• Geography. Adding a new brand can be the perfect path to continued growth in their region for a single-brand multi-unit operator or area developer who has built out their territory, or for a franchisee of a brand with no local opportunities to build more units--without having to travel to new or distant locales. Familiarity with the territory and the dynamics of their market, combined with local connections and a solid grasp of local real estate, developers, and zoning requirements is a real home-court advantage.
  • Financing. A successful track record with one franchise concept demonstrates your ability to lenders who can help you launch that next concept. Thriving multi-unit franchise operators typically have high net worth, extensive contacts, and access to financing to open successful units quickly. These are powerful assets to have. Your existing operation and the value of your real estate can help you acquire a second or third concept, without putting a stranglehold on your cash flow.
  • Infrastructure. Multi-unit franchisees with their own accounting, human resources, and other internal departments often have excess capacity. Adding brands can take advantage of that capacity, growing profits without expanding the home office staff. With a strong infrastructure in place, a multi-brand franchisee has a built-in advantage in building brand awareness in their territory and more easily, rapidly, and successfully penetrating their market with a new brand.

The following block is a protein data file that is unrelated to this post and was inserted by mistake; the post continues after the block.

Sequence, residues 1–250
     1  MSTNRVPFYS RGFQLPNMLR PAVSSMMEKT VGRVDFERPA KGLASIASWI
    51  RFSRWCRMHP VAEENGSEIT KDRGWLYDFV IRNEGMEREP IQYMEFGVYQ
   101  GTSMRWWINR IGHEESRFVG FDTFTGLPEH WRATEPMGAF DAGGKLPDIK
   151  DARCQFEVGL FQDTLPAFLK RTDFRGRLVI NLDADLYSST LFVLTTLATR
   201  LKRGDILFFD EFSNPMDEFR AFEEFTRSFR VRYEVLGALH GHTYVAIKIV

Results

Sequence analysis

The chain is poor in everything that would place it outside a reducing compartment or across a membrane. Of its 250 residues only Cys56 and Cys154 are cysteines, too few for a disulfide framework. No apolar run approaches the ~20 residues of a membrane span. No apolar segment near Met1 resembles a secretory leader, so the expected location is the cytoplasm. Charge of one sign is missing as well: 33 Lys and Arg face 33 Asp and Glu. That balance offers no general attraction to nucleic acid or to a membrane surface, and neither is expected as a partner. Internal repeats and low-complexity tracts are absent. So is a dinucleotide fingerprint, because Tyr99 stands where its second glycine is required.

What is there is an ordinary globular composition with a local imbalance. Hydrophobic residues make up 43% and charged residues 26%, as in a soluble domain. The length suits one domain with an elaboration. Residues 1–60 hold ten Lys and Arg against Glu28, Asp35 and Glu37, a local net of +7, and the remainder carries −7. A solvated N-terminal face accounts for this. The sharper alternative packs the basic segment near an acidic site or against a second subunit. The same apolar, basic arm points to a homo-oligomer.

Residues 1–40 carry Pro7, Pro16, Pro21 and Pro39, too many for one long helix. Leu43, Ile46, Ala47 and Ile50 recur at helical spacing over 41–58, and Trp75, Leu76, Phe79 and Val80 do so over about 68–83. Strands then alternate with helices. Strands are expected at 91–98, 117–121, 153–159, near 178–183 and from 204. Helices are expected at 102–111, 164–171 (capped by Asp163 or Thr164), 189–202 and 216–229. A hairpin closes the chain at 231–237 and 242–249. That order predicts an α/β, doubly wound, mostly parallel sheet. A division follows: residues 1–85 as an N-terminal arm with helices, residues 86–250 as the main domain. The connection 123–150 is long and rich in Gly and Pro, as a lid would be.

• Training and retention. With two or more brands, a franchisee can offer employees cross-training, flexibility, promotions, and a clear growth path as their skill sets improve. This helps in attracting and retaining top talent as you build your organization, always a challenge in any business. And with better-trained employees, unit economics improve.
  • Economies of scale. Once an organization attains a certain size, several things get easier and, often, less expensive since you're "buying in bulk": marketing and advertising, supplier costs and services, administrative and back-office functions, and more. For example, one vendor may be able to service all your equipment and, as a result, offer you a more economical rate.
  •  Co-branding. Locating two or more brands in a single location also allows behind-the-scenes efficiencies that can boost profits. Be careful to maintain compliance with each franchise agreement, as some concepts may not be combined legally or functionally. If it does work, co-branding and co-marketing can make more efficient use of your advertising dollar.
  • Synergy. Each franchise brand has its own proprietary operating system perfected over many years and many thousands of customer transactions. While the operating systems differ and must remain separate, sometimes elements of one can be applied to another, or to internal operations at the franchisee's home office. The same holds true for marketing programs, recruiting methods, training, HR, and every other ingredient of franchising success. Keep them separate to maintain compliance, but look for areas to adapt good ideas across your organization.

Multi-brand franchising is a complex business. Done right, it offers great potential to the multi-unit franchisee seeking to diversify their investment, increase their profitability, and build a larger, stronger organization. One caveat: New brands should not (and in many franchise agreements, cannot) be in competition with your existing brands. Check with your franchisor, franchise agreement, and franchise attorney before you start shopping for a new brand.

Published: April 1st, 2011

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Multi-Unit Franchisee Magazine: Issue 0, 2011